So you want to be a Private PA?

Career and personal development
Business professional meeting in lobby of modern office

We often see business PAs wanting to become private PAs – which is great – and we do encourage career moves that will take you in new directions and present new challenges. That said, it’s actually very difficult for us to place a business PA into a private PA role if they have no private experience. If you want to become a private PA, it will be much easier for us to help you if you first become a business PA or EA with private support included as part of the role. It will then be that much smoother a transition to make!

But would you want to become a private PA? We meet a number of candidates who associate being a private PA with a life of private jets, 7* luxury and red carpet glamour. I have to be clear on this: it’s not!

Get used to long hours

Being a private PA means working hours are not so rigidly set as if you were working in a business. (The concept of 9-5 doesn’t really exist.) More often than not, being a private PA means being on call 24/7, 7 days a week. Private PAs need to be very careful about maintaining the balance between their private PA role and personal life! Work-life balance is incredibly important and while it can be tricky to sustain in a private PA position, you must do this to avoid burn-out. It’s important to find the right mix of what’s right for both you and your boss.

You must be a people person (ALL the time)

Being a private PA to a celebrity or UHNWI means you have to work and liaise with A LOT of people. Fans, business associates, estate managers, household staff, spouses, family members, friends, third party suppliers… the list goes on. As his/her private assistant, you are representative of that person at all times and in all areas of their life. It goes without saying that every move you make and word you utter should be demonstrative of how your boss would like to be represented.

You may be managing an extensive team

Depending on the scope of the role and level of responsibility, you may find yourself recruiting a social media team, international household staff, nannies, PR agencies, family office staff and other third party suppliers. Being comfortable with the breadth of your responsibility should not be underrated. One minute you could be crisis-managing a PR scandal, the next making decisions with the vet about a family pet, the next choosing the children’s school.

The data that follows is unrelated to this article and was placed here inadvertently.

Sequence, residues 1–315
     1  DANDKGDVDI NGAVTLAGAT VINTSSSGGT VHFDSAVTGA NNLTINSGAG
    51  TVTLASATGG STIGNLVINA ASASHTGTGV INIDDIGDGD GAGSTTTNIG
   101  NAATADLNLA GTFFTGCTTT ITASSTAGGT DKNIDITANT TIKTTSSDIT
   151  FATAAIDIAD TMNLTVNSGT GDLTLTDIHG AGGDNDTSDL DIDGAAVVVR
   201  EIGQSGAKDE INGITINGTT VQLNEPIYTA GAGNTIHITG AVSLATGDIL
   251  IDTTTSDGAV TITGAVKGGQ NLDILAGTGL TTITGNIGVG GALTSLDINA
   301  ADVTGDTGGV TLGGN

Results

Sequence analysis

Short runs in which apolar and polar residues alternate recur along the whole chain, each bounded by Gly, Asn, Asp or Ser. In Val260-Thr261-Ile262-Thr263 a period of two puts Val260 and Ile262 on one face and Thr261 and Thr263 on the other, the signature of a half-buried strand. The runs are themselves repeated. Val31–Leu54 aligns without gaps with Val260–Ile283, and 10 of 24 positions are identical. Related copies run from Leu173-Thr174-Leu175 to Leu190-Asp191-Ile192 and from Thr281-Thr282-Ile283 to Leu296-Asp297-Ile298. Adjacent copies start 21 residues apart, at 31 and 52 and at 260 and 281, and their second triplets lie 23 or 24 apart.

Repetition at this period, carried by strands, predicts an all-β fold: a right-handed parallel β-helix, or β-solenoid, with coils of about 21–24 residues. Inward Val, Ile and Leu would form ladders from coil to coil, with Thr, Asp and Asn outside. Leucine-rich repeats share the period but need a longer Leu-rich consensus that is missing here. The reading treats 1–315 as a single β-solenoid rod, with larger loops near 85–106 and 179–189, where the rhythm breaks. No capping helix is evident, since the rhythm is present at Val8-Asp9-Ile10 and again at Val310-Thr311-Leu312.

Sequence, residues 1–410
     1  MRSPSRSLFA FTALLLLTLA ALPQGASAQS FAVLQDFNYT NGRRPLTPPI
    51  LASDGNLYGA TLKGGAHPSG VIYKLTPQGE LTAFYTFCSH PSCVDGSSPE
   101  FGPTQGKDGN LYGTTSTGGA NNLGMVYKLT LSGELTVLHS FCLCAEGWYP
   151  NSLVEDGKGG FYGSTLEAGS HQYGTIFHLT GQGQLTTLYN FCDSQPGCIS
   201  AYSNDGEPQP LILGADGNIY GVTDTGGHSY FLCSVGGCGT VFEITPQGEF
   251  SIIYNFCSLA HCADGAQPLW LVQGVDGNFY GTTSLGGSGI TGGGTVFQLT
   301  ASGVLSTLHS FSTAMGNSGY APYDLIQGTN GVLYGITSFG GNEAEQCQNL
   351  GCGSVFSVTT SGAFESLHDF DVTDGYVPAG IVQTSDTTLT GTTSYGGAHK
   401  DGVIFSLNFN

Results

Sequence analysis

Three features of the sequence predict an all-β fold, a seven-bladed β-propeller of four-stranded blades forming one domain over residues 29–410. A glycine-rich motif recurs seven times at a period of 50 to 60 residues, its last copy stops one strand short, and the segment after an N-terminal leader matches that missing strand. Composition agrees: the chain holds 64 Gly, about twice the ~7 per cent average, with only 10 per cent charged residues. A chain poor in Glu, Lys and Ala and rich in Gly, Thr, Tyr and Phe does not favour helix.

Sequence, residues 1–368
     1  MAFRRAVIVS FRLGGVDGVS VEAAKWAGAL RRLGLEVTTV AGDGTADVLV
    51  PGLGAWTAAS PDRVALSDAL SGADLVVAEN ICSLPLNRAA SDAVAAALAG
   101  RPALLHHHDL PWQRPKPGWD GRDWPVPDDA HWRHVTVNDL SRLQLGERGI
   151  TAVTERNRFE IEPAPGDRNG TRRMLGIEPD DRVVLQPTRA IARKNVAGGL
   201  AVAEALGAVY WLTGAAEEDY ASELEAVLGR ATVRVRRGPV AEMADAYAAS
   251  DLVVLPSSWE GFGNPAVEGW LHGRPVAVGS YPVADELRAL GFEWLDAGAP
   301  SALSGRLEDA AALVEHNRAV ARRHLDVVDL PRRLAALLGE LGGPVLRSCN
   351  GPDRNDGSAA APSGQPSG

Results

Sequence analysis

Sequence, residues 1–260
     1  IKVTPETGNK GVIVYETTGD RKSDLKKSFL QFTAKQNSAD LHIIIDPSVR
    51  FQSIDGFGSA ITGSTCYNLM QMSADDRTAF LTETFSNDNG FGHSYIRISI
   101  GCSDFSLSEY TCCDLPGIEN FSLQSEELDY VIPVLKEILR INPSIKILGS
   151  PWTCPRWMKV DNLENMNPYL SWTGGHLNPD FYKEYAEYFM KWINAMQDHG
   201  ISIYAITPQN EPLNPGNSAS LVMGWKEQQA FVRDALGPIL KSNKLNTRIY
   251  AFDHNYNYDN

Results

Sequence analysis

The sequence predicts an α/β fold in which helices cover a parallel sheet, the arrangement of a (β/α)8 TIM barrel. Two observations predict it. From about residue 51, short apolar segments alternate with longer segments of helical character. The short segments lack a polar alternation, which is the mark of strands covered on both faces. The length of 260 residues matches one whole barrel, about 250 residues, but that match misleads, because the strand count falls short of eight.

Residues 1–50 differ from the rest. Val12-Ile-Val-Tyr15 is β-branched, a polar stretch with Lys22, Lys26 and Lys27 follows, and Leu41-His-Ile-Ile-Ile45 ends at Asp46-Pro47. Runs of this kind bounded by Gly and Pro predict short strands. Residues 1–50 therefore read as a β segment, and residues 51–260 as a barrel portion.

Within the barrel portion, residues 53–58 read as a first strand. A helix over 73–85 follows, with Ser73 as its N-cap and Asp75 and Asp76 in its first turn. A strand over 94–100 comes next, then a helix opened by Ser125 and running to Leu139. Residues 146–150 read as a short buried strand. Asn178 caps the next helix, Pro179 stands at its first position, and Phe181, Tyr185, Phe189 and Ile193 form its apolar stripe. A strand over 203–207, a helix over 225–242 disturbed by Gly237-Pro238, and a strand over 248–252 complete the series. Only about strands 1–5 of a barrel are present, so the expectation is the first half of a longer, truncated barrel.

Discretion is your middle name

It is tough work, but being a private PA can also mean you’re privy to some amazing once-in-a-lifetime experiences. It’s not uncommon for a private assistant to holiday with the boss and their family, attend important family events, and manage all their personal shopping. While you’ll likely meet some incredible people and take magnificent journeys, remember: You’ll be working, not holidaying; and secondly, you won’t be able to talk about it!

To talk about your next Private PA role, get in touch today.

Author Laura Glendenning Tiger Recruitment Team

Five ways to include support staff in your learning and development policies

Establishing and encouraging a culture of learning is one of most important elements of any business. Providing opportunities for employees to develop their knowledge and skills can increase morale, motivation, engagement and productivity, encourages a growth mindset and result in stronger business outcomes. However, it’s important to consider every employee in your policies, including your

Read more

Six calligraphy courses to try this Spring

With the computer encroaching on everyday tasks bit by bit, the handwritten note is becoming a rare art. However, in private households, being able to compose a beautifully written thank you note, name settings, card or invitation is of great value to a potential employer. In fact, one of the UK’s leading etiquette experts, William

Read more


Sign up for the latest workplace insights.

Are you: